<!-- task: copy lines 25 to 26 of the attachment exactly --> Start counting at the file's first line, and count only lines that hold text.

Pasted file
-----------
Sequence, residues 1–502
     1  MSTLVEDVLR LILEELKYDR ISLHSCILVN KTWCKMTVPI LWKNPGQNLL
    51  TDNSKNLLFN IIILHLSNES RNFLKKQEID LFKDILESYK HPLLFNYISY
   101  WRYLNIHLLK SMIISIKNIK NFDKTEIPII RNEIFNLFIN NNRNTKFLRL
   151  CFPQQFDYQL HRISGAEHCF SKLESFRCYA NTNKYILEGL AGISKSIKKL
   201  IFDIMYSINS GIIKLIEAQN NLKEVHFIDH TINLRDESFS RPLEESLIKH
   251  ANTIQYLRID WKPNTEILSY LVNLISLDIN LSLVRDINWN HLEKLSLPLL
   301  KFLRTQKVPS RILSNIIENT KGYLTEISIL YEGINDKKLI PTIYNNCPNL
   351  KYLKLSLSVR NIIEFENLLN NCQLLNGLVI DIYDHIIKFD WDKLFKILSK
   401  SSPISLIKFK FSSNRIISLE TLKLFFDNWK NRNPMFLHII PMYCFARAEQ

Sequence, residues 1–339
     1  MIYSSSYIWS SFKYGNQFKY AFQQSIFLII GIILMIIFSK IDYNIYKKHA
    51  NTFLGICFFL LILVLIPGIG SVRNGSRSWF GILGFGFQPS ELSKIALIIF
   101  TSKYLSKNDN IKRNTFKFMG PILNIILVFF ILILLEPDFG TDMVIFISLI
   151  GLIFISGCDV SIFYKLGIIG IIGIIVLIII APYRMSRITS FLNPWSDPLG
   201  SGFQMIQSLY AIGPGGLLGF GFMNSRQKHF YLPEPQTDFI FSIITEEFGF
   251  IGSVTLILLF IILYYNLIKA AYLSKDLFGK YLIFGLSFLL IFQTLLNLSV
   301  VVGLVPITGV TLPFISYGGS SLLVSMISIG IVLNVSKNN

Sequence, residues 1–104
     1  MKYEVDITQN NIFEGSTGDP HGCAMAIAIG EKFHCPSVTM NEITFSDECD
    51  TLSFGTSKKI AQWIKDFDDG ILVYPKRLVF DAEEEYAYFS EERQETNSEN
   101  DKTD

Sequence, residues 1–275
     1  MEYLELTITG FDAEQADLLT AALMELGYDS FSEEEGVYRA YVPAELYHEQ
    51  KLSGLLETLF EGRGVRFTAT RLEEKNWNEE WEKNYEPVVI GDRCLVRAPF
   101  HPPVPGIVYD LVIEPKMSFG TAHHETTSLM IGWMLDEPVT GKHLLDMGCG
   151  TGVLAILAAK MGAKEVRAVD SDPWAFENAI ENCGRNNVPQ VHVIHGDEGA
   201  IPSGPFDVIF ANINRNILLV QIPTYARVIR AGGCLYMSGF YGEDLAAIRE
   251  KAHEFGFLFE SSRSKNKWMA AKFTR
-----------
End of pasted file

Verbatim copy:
    51  KLSGLLETLF EGRGVRFTAT RLEEKNWNEE WEKNYEPVVI GDRCLVRAPF
   101  HPPVPGIVYD LVIEPKMSFG TAHHETTSLM IGWMLDEPVT GKHLLDMGCG